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Hang On Placeholders

Published by Chris Coyier

I remember when the behavior for placeholder="" text on inputs and textareas made that subtle functionality change in WebKit where the text would remain in place until you started typing rather than disappear on focus of the empty input. I think it may have been first on iOS actually, but now both stable Chrome and Safari do this.

I also remember thinking it was a smart change. Of course the placeholder is no substitute for a real

However, Jeremy Keith points out some research by Markus Earnst that suggests leaving the placeholder in place breaks some expectations and causes problems:

It seems that a relevant number of users do not even try to start typing as long as the placeholder text remains visible.

Granted, the research was a bit limited in scope, but it makes sense.

Jeremey provides this CSS solution if you want the old behavior back in WebKit based browsers:

[placeholder]:focus::-webkit-input-placeholder {
  color: transparent;

This is me chiming in with a possible best-of-both worlds middle ground:

[placeholder]:focus::-webkit-input-placeholder {
  transition: opacity 0.5s 0.5s ease; 
  opacity: 0;

The second time value in that transition means "wait half a second before firing off this transition." I suspect that some people click or tab to inputs to get ready to enter information before they are cognitively ready to pay attention to that input yet. But once the focus takes place, then they start paying attention. If we give them a half a second where the placeholder is still visible and another half a second to fade it away, that is likely enough for them to understand the hint that the placeholder was giving them.

The event timeline being:

  1. User clicks (or taps, or tabs to, or whatever) the input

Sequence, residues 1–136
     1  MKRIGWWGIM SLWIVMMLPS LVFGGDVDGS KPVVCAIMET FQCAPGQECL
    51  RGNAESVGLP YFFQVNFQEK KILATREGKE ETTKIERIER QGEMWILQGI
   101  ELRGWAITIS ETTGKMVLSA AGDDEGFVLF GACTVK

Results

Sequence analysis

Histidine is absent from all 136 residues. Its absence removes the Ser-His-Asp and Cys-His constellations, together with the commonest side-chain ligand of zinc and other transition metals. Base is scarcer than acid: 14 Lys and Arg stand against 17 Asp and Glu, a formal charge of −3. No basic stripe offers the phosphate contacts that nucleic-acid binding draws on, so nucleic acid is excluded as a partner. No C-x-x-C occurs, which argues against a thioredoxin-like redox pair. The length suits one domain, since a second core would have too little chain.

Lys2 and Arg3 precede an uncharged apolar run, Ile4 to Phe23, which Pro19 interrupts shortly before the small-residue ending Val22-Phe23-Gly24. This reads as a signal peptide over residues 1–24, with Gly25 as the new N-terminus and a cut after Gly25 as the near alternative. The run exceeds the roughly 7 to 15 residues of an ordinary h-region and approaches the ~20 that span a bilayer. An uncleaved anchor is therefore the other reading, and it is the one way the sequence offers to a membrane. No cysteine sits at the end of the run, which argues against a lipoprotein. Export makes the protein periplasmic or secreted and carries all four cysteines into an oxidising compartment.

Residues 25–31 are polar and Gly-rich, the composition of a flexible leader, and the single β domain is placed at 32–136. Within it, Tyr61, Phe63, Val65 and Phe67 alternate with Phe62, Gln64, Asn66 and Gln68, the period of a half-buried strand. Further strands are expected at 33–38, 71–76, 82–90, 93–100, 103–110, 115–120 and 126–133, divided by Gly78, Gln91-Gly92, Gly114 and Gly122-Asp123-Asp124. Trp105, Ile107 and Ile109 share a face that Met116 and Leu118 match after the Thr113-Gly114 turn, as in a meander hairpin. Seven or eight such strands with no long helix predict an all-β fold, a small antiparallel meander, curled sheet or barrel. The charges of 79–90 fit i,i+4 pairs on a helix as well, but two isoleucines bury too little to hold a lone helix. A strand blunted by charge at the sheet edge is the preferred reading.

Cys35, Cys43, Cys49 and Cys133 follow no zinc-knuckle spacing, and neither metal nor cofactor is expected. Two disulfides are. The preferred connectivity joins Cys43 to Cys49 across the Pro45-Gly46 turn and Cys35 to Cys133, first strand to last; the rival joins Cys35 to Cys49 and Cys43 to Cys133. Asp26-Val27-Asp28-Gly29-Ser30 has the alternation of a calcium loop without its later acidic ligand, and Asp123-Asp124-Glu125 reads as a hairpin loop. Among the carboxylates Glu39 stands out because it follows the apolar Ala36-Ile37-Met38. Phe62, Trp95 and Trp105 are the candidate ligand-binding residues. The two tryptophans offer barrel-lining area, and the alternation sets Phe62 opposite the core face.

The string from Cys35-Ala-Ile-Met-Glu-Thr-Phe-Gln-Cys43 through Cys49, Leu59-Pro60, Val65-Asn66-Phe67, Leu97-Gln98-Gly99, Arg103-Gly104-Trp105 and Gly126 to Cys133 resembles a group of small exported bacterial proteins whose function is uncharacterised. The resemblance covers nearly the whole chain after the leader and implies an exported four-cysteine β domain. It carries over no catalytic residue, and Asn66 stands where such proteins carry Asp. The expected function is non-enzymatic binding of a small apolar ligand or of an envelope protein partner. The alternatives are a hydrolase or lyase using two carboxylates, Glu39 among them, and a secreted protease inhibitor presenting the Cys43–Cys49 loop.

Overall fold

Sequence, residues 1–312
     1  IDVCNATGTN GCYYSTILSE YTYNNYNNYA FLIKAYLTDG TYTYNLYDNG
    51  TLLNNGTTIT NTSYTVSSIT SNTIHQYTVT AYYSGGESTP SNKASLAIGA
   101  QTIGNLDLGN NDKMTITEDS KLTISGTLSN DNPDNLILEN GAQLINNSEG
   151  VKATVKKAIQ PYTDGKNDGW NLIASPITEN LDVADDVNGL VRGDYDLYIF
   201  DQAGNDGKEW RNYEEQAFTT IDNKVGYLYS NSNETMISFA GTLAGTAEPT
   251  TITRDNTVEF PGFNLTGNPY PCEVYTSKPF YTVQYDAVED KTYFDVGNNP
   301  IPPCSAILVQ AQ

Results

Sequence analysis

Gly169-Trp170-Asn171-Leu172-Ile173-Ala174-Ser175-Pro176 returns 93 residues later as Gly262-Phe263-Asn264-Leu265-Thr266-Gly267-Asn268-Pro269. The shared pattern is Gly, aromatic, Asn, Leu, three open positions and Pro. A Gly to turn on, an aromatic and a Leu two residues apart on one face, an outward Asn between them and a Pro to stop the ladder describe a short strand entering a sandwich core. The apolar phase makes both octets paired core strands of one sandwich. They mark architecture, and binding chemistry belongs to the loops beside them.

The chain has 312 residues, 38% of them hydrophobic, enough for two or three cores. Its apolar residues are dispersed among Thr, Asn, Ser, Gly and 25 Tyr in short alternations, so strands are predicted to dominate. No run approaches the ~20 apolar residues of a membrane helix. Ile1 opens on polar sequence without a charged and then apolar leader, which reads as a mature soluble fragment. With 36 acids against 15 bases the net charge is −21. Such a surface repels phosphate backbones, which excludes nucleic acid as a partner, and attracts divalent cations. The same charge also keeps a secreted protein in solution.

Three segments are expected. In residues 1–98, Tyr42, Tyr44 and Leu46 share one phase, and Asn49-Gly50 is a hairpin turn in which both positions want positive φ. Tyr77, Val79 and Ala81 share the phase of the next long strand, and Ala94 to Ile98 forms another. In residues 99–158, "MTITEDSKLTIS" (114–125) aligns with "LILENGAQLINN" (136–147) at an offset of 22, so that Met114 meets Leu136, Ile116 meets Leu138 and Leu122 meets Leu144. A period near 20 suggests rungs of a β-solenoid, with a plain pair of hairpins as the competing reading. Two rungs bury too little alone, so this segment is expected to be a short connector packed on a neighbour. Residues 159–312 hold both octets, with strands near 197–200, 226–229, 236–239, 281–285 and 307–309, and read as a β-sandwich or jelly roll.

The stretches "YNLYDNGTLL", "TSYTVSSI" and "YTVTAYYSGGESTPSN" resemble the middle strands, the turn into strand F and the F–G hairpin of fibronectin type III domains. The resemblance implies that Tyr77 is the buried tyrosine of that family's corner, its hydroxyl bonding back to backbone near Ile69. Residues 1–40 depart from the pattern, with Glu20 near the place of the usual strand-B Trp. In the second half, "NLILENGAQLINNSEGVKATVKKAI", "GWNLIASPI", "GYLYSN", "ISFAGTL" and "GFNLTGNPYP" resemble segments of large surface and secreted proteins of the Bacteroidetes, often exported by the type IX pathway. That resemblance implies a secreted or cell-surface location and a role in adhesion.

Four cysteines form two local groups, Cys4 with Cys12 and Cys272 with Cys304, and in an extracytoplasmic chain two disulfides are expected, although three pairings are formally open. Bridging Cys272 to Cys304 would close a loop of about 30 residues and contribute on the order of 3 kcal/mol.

2. Their eyes move to the input and their mind starts paying attention to it
  3. They comprehend the placeholder hint
  4. Placeholder goes away

A demo of that and another variation where the placeholder slides away toward the label:

Check out this Pen!

For the record, I'm not saying this is absolutely better. There is no hard science here. I'm just proposing an alternate UI experience that seems to make sense to me.

Are there any other solutions we could explore?


  1. Permalink to comment#

    Great! I can’t see a reason to don’t adopt this as a Best Practice.

    • I can. Mainly, because it is not the best practice. You focused on textfield and your prompt is gone. And no way to get it back without leaving the input (as opposed to deleting whatever you typed-in and placeholder reappearing).
      And the very premise is weird. What if I typed a few characters myself? Should I get paralysed by their presence and type no more?

    • Rhys L
      Permalink to comment#

      @Rimantas – if you start typing, the placeholder disappears anyway…?

  2. Maxime Beaudoin
    Permalink to comment#

    Nice one Hugo !

  3. Regarding the second example where the placeholder is sucked into the cursor (it would be a neat, probably overkill effect to decrease the font-size so that the transition looks as if it were pulling the text into a vacuum …), it would be more usable to shift the placeholder text to the right of the input. This is me just musing:

    1. The example doesn’t disappear.
    2. You don’t have to worry if the transition is too quick or disorienting.
    3. The placeholder appears to “make space” for your entry.
    4. The placeholder disappears anyway as soon as text is entered, which should be the indicator that the user is ready rather than time the placeholders disappearance or otherwise infer that the user might be ready before s/he is.

  4. Permalink to comment#

    Personally, I like Hugo’s solution best (tho’ I’ve never been a fan of the fuzzy blue outline…)

  5. The first time I used an HTML5 placeholder I thought it was broken. I couldn’t understand why the placeholder wouldn’t disappear when you focused the textbox.

    I thought it felt so wrong that I went back to using a jQuery plugin we’d been using for years in older browsers. It still works on all browsers.

  6. Permalink to comment#

    How about not fading to full opaque but something like 0.4?